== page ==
submitted by freyyr to canada
[link] [34 comments]

Posted on 26 April 2014

Drama-magnet and former mod Agentlame banned from /r/technology, SRD recap submission removed and flaired as "paywall"

Former /r/technology moderator and drama magnet /u/agentlame submitted his highly popular SRD recap, "The failed moderation and gaming of /r/technology", to /r/technology hours ago.

The post, which consisted of a direct link to the SRD submission, received a considerable number of upvotes and rocketed to the front page, but was later deleted by the /r/technology moderators and flaired as being "behind a paywall".

Shortly after, /u/agentlame was banned from /r/technology with no reason given. Upon questioning the mods about why his removed post was flaired as "behind a paywall" despite being a direct link to /r/SubredditDrama, he received a response from /r/technology moderator anutensil, saying:

Oops! Must've hit the wrong removal reason.

The post has currently been reflaired as "not appropriate subreddit" but the process took a few hours.

Edit: Another user, Creesch, has resubmitted the deleted thread to /r/technology here:

As you can see, this thread has also been deleted, and flaired as... "Already covered". The only other submission covering it was the one above which had already been deleted and flaired as "paywall".


In further internal mod drama news, the new mods of /r/technology are apparently having continual disputes with top mods. In this screenshot provided by /u/gaget, a recently added /r/technology mod, /u/X019, claimed that he had to remove one of anutensil's comments from a recent /r/technology sticky thread because she was acting "childish at best".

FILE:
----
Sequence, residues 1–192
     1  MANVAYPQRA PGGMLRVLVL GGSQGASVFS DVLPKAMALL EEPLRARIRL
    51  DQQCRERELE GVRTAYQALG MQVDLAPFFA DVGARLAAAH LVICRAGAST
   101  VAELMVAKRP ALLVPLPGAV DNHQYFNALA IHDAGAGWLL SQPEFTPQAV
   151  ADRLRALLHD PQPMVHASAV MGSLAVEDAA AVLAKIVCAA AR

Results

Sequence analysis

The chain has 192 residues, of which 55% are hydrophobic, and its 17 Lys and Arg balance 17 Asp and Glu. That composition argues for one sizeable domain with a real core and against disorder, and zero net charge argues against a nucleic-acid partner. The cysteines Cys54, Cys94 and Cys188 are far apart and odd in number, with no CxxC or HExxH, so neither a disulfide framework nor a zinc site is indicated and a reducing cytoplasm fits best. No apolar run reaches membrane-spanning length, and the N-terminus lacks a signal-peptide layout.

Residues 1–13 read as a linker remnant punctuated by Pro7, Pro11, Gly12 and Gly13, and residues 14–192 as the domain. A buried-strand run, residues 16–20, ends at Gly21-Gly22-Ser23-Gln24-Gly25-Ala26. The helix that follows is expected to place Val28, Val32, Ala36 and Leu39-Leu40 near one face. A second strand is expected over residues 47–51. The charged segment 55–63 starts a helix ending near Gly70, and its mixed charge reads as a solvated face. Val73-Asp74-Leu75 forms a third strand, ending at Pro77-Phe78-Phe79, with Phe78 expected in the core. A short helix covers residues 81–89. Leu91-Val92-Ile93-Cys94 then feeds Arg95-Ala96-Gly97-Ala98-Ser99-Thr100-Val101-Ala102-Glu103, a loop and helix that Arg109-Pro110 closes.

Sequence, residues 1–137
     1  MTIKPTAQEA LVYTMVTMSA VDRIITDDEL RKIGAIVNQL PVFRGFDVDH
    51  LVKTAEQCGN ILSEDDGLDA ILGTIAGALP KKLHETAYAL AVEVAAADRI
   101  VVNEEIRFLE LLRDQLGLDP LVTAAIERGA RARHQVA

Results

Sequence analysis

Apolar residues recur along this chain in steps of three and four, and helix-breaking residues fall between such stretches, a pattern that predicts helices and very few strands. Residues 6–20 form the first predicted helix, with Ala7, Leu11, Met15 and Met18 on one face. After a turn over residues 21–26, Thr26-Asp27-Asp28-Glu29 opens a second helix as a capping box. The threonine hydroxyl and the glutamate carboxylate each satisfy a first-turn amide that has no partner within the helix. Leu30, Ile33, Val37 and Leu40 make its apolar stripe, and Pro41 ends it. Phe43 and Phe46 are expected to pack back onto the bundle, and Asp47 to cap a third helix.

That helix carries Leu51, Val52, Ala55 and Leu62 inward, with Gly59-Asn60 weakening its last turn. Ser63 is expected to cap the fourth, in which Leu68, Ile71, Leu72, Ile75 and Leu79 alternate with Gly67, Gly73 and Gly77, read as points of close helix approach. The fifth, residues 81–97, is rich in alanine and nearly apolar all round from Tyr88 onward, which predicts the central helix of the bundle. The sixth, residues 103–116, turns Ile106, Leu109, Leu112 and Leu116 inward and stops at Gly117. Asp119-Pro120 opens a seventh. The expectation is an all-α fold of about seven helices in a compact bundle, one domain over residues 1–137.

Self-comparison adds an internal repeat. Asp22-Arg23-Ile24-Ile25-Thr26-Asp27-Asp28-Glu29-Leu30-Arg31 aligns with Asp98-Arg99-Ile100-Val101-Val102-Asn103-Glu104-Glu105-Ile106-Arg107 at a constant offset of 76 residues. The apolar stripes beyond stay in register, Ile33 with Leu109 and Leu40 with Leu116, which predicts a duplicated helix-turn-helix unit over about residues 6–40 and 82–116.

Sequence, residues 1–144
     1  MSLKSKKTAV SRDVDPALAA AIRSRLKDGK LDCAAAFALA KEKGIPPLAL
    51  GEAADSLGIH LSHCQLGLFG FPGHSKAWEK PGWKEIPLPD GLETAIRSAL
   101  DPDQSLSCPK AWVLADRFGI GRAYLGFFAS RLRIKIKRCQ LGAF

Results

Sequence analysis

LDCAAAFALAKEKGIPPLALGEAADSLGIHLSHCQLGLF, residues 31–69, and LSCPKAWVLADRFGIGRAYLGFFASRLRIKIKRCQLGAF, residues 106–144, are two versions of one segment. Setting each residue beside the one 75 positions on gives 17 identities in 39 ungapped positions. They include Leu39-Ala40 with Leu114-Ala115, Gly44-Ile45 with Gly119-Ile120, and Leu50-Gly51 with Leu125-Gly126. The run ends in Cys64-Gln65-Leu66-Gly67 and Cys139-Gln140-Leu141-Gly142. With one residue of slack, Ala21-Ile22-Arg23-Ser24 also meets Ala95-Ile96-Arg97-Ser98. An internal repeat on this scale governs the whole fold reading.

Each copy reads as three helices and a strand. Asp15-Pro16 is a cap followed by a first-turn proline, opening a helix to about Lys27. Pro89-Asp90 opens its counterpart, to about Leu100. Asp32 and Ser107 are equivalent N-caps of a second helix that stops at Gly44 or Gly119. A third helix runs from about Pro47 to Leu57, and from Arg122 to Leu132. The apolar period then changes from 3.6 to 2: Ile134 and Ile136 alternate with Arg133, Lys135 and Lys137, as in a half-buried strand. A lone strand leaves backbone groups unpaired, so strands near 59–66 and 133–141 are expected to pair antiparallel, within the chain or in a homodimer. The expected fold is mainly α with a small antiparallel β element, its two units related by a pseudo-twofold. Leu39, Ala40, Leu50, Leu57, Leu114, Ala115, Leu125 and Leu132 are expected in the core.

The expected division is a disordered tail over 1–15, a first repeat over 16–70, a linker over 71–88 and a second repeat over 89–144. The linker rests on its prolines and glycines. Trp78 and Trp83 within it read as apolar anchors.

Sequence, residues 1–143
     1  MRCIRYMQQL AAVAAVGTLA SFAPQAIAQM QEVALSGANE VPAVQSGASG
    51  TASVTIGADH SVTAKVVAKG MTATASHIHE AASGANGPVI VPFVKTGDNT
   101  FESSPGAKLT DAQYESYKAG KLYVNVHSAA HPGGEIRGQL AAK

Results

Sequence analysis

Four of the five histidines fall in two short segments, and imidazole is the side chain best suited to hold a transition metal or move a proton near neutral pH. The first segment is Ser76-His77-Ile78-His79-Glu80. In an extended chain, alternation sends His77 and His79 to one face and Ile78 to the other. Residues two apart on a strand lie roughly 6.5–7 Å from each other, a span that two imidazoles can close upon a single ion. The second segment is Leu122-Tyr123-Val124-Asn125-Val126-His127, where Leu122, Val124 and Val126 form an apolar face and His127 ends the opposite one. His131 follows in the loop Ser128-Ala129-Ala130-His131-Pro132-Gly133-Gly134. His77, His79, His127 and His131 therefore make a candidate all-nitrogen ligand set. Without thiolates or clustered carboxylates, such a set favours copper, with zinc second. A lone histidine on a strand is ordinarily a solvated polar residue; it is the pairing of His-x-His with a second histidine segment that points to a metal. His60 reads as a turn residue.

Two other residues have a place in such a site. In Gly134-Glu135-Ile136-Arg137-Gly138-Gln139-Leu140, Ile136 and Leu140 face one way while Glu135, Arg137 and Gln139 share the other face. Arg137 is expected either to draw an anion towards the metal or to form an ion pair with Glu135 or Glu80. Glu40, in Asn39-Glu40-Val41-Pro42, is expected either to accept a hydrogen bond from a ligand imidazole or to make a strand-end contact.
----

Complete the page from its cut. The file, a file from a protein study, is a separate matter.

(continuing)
Relevant links:

submitted by BipolarBear0 to SubredditDrama
[link] [288 comments]

Posted on 19 April 2014

As people who appreciate and love Xbox, I think it's time we became more vocal as a community and finally said no to the XBL app paywall.

Since the first Xbox I have been a huge supporter of Microsoft and their gaming console. I've put hundreds of hours into single and multiplayer halo, into curating my Viva Piñata garden, in exploring outside of my emerged bathosphere, and I regret none of that time spent.

I adore my Xbox One equally. I wouldn't trade the reliability of Xbox live for anything. And while I love the tech behind the machine, I find it painfully archaic that it still prevents people from using free services, that are available virtually everywhere, unless they pay for an annual online subscription.

As a next gen machine, it needs to stop relying on old policies. It needs to evolve and by making people pay to use apps like netflix, they are just reminding people of tired and old practices that harken back to a day that we've all matured away from.

If the Xbox one is truly a console for everyone, then this is an obvious boundary that needs to come down.